This review is structured as follows. First, in Section 2, we show that there is evidence for at least ten different PAC combinations (of a low and a higher frequency oscillation). Computational models of the PAC phenomenon can be divided into two types: detailed and NMMs. The main characteristics of these two types are briefly discussed in Section 3, followed by two sections describing specific models of both types.

2. Experimental Evidence of the Diversity of the PAC Phenomenon

The classic example of PAC was demonstrated in the CA1 region of the hippocampus [24] where the phase of the theta rhythm was found to modulate the power of gamma oscillations. Later studies found that PAC is neither restricted to theta-gamma coupling nor to the hippocampus. For instance, PAC has also been reported in the frontal, posterior, and parietal human cortices during auditory, visual, linguistic, and memory tasks [2527], in monkey auditory and visual cortices [15, 28, 29] and rodent olfactory bulb [30]. In addition to Bragin et al.’s study [24], other studies have confirmed the existence of theta-gamma coupling in the hippocampus [3134] and other brain areas [3544]. Other PAC combinations of low and high frequency rhythms have also been detected: delta-theta [37, 45], delta-alpha [46, 47], delta-beta [44, 46], delta-gamma [34, 35, 38, 41, 44], theta-alpha [46], theta-beta [44, 46], alpha-beta [45], alpha-gamma [15, 26, 27, 35, 46, 48, 49], and beta-gamma [7, 15].

It should be noted that the studies mentioned above do not always use the same frequency values for the boundaries of the different brain rhythms [50] and that sometimes the gamma band is divided into different subbands such as low-gamma, middle-gamma, and fast-gamma, with boundaries that can differ between different studies. Thus, subdivisions of classical bands can potentially increase the number of PAC combinations to be studied. Additionally, a high number of mathematical methods for detecting PAC have been proposed [3, 12, 5157], each with advantages and caveats, and no gold standard has emerged. Furthermore, those methods are not exempted of spurious results, that is, identifying PAC that is not related to true modulations between neuronal subsystems. These issues (reviewed recently in [58]) are out of the scope of this review, but we mention them here to highlight the fact that the experimental study of the PAC phenomenon is far from being complete and new methods and results in the upcoming years will be necessary to complement, inform, and refine past and future computational models of the phenomenon.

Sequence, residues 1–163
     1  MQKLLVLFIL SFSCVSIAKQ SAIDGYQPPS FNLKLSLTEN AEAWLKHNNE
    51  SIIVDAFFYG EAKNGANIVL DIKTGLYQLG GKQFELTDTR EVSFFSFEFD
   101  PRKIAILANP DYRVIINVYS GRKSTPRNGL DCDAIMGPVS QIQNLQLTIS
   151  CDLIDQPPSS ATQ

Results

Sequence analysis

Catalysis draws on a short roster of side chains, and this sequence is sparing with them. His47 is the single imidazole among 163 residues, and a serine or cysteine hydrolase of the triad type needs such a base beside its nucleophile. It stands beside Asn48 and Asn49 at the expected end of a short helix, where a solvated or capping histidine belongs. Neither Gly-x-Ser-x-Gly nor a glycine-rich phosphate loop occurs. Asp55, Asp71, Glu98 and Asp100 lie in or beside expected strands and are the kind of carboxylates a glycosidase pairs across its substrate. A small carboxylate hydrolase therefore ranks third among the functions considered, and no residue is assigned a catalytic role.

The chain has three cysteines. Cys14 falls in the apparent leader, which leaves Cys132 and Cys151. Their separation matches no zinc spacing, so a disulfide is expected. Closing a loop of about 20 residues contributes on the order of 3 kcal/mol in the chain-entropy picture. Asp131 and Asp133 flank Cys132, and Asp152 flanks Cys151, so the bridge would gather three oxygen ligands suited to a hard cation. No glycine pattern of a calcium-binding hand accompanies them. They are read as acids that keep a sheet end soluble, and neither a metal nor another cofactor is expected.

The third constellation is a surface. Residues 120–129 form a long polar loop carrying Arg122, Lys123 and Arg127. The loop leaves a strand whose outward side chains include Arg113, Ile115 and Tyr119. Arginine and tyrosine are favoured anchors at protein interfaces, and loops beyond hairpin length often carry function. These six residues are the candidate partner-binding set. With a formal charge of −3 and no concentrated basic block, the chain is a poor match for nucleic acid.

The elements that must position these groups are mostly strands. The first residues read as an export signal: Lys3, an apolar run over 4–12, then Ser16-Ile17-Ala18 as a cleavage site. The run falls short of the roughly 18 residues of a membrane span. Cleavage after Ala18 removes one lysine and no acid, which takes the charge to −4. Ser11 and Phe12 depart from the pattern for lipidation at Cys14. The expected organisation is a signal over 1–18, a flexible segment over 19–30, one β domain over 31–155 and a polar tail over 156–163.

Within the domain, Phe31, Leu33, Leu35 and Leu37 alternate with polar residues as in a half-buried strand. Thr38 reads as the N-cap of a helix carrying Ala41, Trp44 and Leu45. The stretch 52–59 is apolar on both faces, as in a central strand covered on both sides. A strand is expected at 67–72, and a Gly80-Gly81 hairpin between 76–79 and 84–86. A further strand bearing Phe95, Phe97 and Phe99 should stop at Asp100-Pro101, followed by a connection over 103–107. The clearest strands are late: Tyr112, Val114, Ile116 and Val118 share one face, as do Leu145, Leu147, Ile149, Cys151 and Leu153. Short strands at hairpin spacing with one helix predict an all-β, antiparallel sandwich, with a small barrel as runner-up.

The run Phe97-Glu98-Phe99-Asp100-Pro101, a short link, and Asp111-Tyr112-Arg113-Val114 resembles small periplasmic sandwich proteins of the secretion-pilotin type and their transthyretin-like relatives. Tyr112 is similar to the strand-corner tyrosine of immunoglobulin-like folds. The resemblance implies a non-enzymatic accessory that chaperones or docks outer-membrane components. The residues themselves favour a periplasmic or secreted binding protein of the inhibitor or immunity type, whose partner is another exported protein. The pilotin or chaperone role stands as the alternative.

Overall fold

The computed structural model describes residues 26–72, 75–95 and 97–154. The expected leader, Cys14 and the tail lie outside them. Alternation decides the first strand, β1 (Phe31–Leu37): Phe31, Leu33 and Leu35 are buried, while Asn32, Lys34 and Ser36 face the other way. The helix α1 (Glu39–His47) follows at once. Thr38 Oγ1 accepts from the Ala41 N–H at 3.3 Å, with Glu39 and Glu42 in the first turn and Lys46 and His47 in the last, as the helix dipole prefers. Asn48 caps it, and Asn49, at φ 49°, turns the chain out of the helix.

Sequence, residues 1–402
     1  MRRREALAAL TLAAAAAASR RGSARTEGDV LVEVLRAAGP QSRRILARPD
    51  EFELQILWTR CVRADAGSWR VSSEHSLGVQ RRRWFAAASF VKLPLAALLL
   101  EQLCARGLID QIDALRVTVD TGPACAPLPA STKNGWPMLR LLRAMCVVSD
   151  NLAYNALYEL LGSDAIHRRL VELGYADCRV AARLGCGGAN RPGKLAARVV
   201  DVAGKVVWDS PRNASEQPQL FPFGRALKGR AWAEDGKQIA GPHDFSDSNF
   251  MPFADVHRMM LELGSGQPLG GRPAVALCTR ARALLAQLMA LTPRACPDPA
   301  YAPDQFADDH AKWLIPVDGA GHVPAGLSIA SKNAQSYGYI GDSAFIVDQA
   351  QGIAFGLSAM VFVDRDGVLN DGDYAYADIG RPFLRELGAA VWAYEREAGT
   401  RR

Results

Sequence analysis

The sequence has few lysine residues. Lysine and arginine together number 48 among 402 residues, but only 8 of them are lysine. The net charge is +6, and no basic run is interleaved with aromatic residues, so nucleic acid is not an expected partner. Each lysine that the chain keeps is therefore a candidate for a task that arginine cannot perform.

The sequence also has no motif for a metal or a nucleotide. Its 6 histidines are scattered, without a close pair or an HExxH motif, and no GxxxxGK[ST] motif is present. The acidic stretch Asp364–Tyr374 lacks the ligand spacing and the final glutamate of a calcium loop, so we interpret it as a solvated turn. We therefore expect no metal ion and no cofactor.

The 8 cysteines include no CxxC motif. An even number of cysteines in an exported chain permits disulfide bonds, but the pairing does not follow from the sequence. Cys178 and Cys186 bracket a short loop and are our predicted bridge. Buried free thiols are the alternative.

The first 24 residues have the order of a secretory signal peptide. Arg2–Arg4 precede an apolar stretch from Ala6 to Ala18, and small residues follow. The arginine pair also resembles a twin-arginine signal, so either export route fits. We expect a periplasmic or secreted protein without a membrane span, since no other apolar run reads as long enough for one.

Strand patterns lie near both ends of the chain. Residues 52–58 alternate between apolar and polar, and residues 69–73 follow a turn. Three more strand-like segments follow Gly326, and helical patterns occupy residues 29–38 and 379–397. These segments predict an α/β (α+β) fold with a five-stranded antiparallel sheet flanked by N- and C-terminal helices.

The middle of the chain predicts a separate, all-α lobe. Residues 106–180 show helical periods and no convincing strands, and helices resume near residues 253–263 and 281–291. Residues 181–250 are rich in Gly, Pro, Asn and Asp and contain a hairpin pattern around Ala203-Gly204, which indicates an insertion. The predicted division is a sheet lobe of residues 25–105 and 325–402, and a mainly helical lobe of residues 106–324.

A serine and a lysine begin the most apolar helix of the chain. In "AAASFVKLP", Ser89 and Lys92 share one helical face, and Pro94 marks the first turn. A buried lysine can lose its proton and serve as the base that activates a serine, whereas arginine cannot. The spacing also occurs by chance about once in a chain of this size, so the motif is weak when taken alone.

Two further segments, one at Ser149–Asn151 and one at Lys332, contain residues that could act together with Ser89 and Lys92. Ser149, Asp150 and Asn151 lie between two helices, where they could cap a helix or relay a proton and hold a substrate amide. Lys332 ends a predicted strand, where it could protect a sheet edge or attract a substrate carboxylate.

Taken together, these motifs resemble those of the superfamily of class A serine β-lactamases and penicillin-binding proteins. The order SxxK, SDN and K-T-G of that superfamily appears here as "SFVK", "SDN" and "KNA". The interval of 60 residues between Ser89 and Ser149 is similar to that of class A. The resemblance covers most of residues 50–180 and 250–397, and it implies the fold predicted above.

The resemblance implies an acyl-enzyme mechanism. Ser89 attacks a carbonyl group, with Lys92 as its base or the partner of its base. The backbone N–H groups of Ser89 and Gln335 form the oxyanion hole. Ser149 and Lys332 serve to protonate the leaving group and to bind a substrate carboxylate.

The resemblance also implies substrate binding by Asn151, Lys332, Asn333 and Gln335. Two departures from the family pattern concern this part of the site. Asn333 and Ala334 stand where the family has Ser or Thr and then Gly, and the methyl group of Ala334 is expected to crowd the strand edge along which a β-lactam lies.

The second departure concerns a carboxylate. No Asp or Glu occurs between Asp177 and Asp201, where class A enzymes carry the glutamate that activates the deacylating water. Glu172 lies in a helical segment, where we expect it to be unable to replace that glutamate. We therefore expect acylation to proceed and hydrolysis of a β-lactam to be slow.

3. Detailed Mathematical Models versus Neural Mass Models

There are two main approaches to modeling the dynamics of neuronal populations. One approach is to realistically model each cell in the network, using multiple compartments for the soma, axon, and dendrites. The most prominent example of this approach is the Blue Brain Project [59], which aims to achieve in the next decade a full simulation of human brain dynamics (a network of approximately 86 billion neurons) in a supercomputer. A practical disadvantage of such realistic modeling is that it requires high computational power. For this reason, simplified versions of such models in which only one compartment is taken into account have been used [16, 60]. However, even in this case, the use of such detailed models makes it difficult to determine the influence of each model parameter on the generated average network characteristics. The second approach is based on the use of NMMs, which constitute a class of biophysical models that captures the average activity of neuronal ensembles, rather than modeling each neuron in the network individually [61, 62]. NMMs are described by nonlinear differential equations and can be rigorously obtained from mean field approaches [6365] after neglecting the second-order moments. For instance, the Wilson-Cowan neural mass model [61] can be obtained from a mean field approximation of two coupled networks of FitzHugh-Nagumo neurons [63]. An alternative way of constructing the NMM formalism is to consider that each neuronal population performs two mathematical operations [62]. The first is the conversion of postsynaptic potentials (PSP) into an average density of action potentials (AP) which is modeled using a sigmoid function. The second operation is the conversion of AP into PSP, which is done by means of a linear convolution with an impulse response function. The Wilson-Cowan model is obtained when the impulse response function is , which produces a system of first-order differential equations describing the activity in each population. A more recent neural mass model, the Jansen-Rit model [62], is obtained when the impulse response function has the form . This results in a system of second-order differential equations describing the dynamics of PSPs in each population. Computational models based on Wilson-Cowan and Jansen-Rit models have provided the mathematical framework for simulating the generation of electrical activity in the brain during resting state [62, 6671], stimulation [62, 7274], and disease [67, 7577].